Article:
Text adapted by Natalie Pavey
Framing lumber choices
Framing lumber, also known as structural wood, is the grade of wood used for house framing (studs, headers, roof trusses and floor joists, etc.). Its technical characteristics make it perfectly suitable when large spans are necessary. The list below outlines the different families of framing lumber.
Standard SPF (spruce-pine-fir) lumber – Softwood lumber
- Light structural lumber is mainly used in residential construction. It is milled from softwood trees (spruce, fir and pine) that are sawn and machine-planed to standard dimensions (2x4", 2x6", 2x8", etc.). Wood as a framing material is advantageous in that it doesn't undergo much transformation during processing, it has a low embodied energy, it's a renewable resource and it stores carbon.
- Heavy timber refers to any dimensional lumber over 4.5" and is often used for post-and-beam construction. Large dimensions of wood can support heavy loads and facilitate long spans, in addition to being extremely fire resistant.
- Finger-jointed lumber (also known as end-jointed and end-glued) is manufactured using short, dry pieces of wood that have been machined on each end and joined using a water repellent structural adhesive. This technique is ecologically beneficial, as it makes use of short pieces of wood to create a finished product that is larger, more stable and easier to align.
Worthy of note: the dimensions of light structural lumber do not match their given names. A commercially available 2x4" is actually 1.5" x 3.5", a 2x6 is actually 1.5" x 5.5". The general rule of thumb: any width listed as 2" will actually be 1.5" and as for the depth, actual dimensions are .5" less. The reason for this is planing; some true dimensions can be found at lumber yards, referred to as 'rough' as they are unplaned.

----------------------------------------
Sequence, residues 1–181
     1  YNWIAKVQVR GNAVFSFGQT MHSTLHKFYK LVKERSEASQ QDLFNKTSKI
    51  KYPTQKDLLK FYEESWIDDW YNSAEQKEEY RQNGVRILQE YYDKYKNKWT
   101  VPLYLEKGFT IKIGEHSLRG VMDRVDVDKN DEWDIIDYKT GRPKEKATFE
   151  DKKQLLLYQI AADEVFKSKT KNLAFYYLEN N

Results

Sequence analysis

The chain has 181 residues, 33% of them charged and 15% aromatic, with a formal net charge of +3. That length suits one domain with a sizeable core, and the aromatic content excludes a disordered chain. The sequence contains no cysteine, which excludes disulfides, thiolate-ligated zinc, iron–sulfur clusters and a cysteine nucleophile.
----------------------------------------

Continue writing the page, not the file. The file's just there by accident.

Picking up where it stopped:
From our video building guide - framing a passive solar home with FSC certified wood:
Engineered wood requires more processing than standard wood. As may be expected, engineered wood is more expensive than the types described above, and has a higher embodied energy given that it undergoes multiple transformations. Even so, it has many technical and ecological advantages: it can be very strong and facilitate large spans without requiring large trees.
It also makes use of short pieces of wood that might otherwise be heading for a landfill, so as soon as you need something larger than 2x8", opt for engineered wood whenever possible.
In many cases, the added cost you may incur from choosing engineered wood will be recouped through significant labour savings. Engineered framing materials are straight and consistent - compare this to a 2x8" or 2x10" which in any given pile may have discrepancies of 3/8" or more from the largest to the smallest. In order to build a straight floor for example, some pieces will need to be shimmed and others will need to be shaved, and that takes a lot of time.
If you didn't get your money back from a quicker installation of open-web floor joists, you certainly will when your electrician and plumber easily pass wires and pipes through existing openings rather than drilling a thousand holes through solid floor joists like in the image below.
Here are the different types of engineered wood products and their main characteristics.